Stephanie St. Clair arrived in the U.S. on a Caribbean steamship in 1911. Known as Madam Queen to those who lived through the glory days of Harlem’s policy racket, St. Clair acquired infamy as one of a group of Harlem residents who profited from financing this notorious numbers scheme.
In the 1920s, the poverty of Harlem was pervasive. Blacks who had migrated to Harlem were having a hard time getting by. They had no source of fresh fruit, vegetables and the family farm-raised meats they had eaten in the South. For a lot of Harlem residents, the “daily number,” a popular daily lottery that originated in the 1800s, gave them hope of economic prosperity. What made it unique was that it was run by Harlem residents themselves. The people who funded it were called bankers who had migrated to Harlem from the Caribbean. This popular lottery was encased in a grassroots system. The system in effect during the 1920s is referred to as the “Harlem policy racket.” It became defunct as a friendly neighborhood game in the late 1920s when it was violently taken over by thugs under the control of Dutch Schultz. Before that historical takeover, it was simply a lottery that everybody played. Folks in the neighborhood placed their bet every morning, paying as little as one cent. The bets ended at either late morning or late afternoon, depending on which game the player was betting.
Listed as a servant on the steamship’s manifest when she arrived in the United States, St. Clair had become a policy banker in or around 1922. In 1930, she had trouble with the police she’d paid for protection. Although her men ran the streets wearing I.D. tags that meant “no arrest,” police started harassing them. She blew the whistle to representatives of Judge Samuel Seabury, who was conducting an investigation into corruption in the Magistrate Courts. The committee was looking at dishonest police officers. She naively believed that the commission would force the cops who took her bribe payoffs to protect her numbers runners.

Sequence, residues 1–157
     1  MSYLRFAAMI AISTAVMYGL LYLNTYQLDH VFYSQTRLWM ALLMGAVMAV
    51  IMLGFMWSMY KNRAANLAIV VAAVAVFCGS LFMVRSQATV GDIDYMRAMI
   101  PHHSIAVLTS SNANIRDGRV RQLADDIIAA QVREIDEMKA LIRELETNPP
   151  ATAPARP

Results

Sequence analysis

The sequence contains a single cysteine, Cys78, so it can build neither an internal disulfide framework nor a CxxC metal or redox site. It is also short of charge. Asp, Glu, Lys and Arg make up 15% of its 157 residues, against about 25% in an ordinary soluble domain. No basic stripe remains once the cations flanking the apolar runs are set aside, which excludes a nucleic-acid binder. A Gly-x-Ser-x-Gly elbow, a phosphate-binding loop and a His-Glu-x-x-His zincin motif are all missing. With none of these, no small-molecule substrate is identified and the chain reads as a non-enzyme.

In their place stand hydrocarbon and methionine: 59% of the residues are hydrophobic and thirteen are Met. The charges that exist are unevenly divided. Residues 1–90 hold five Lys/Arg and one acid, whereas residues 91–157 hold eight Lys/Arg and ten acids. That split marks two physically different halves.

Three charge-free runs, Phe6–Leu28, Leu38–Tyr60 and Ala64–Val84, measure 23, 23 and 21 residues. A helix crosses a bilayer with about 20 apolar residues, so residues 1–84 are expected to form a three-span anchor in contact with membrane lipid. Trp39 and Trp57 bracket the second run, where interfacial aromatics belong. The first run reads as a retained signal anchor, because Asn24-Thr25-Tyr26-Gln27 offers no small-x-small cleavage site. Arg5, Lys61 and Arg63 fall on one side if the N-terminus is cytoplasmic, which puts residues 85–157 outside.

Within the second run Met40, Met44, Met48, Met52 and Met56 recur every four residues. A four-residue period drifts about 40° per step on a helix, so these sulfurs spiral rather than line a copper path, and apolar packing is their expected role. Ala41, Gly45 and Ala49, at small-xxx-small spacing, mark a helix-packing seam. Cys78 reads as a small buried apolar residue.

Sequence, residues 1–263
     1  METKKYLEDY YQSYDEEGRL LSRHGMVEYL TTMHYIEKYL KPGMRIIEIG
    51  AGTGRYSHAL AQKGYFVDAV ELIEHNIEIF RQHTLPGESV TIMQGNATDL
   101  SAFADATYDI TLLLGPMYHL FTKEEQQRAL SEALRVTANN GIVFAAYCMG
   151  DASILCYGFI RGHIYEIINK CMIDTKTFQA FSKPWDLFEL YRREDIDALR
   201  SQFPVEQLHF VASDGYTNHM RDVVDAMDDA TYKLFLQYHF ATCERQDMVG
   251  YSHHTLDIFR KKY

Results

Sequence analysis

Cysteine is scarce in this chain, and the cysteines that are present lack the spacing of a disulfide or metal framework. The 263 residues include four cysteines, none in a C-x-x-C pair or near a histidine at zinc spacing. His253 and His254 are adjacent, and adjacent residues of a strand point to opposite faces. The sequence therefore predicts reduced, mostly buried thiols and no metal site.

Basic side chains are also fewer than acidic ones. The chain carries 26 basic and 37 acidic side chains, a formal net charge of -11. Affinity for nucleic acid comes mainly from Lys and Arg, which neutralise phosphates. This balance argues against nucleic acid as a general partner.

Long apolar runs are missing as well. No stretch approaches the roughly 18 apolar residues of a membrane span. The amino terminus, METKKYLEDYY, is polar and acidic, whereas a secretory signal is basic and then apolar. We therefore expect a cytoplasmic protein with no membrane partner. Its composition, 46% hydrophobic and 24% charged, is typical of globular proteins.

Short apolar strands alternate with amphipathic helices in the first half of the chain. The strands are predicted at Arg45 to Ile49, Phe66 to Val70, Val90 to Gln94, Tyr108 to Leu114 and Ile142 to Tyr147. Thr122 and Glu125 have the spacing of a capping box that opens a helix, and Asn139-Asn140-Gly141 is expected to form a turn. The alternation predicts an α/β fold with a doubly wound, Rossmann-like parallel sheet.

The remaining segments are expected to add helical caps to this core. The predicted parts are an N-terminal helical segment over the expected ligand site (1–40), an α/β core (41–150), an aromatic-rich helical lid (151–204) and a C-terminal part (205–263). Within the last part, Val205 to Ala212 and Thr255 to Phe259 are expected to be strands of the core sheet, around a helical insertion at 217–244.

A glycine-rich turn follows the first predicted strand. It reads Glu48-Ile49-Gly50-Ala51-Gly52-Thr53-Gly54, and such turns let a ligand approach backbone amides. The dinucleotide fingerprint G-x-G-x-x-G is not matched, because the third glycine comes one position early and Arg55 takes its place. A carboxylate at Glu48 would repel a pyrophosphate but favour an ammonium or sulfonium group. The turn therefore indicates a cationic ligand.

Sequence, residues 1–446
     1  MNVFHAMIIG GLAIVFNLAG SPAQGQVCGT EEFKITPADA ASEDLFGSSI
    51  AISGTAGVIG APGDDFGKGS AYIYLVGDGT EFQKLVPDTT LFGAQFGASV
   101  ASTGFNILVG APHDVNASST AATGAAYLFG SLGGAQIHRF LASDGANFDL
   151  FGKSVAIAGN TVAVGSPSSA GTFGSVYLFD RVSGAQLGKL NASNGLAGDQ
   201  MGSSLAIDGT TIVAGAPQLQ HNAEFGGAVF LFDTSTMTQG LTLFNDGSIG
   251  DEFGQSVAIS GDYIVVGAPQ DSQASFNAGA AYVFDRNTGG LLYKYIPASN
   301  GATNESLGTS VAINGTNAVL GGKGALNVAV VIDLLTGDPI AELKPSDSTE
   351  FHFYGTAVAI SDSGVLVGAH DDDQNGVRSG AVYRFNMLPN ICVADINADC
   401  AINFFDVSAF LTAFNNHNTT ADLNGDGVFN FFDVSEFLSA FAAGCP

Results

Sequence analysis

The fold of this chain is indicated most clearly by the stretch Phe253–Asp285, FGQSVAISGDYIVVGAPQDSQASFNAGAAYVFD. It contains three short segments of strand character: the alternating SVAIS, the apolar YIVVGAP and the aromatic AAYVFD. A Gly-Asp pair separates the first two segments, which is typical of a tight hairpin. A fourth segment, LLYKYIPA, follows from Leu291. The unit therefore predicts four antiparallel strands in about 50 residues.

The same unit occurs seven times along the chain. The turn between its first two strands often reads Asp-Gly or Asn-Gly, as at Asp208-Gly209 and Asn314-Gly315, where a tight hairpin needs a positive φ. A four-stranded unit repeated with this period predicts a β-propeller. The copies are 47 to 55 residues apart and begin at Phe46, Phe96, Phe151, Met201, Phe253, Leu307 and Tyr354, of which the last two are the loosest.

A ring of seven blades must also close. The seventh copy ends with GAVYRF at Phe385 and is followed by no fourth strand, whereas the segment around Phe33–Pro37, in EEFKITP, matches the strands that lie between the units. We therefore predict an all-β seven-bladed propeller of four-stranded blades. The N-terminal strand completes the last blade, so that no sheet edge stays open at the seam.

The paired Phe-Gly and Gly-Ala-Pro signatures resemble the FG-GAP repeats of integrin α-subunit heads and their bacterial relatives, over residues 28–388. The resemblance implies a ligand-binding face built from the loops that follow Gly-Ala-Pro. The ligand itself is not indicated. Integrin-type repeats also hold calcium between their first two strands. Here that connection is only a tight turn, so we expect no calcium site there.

In going to the Seabury investigators, she abdicated her royal position in this insular, black community. She was once the revered “Mme. Stephanie Ste. Clair.” Speaking to Seabury put her over the line. She had crossed 110th Street in more ways than one.
The officers from precincts formerly on her payroll betrayed her. She was arrested and sentenced to a term at Welfare Island. The 1930 Census does confirm that Stephanie St. Clair was living on Welfare Island as a work detainee. This prison term has been attributed to payback by the cops.
It sounds like it was more than that. Judge Seabury’s investigation was digging up all the precinct dirt. Police suspensions were normal events in 1931. Her arrest was for other reasons and came through higher channels – a way to silence her violent opposition to the new numbers runners and bankers muscling into Harlem. The combination, fronted by Dutch Schultz with the backing of Tammany politician Jimmy Hines and attorney Dixie Davis, was moving in and taking over.
She was the only banker who fought back. Other bankers weren’t as brave. Faced with the double threat of Seabury reading their bank books and thugs coming into the neighborhood to break heads, the bankers fled to their native countries in the West Indies.
In this crucial stage, the system moved from the street corners to candy stores, from neighborhood runners to storekeepers. One banker, Paloma Lida, put the blame on St. Clair. “The racket is a snare and a delusion … used to put my name to checks for a hundred, a thousand, more than that even. Now old lady Stephanie gets mixed up with the law and the grand jury. What I’d like to know is, why did she do that? Wasn’t good business – advertising, maybe, but not good business – no money in the policy-slip profession; bottom done dropped out.”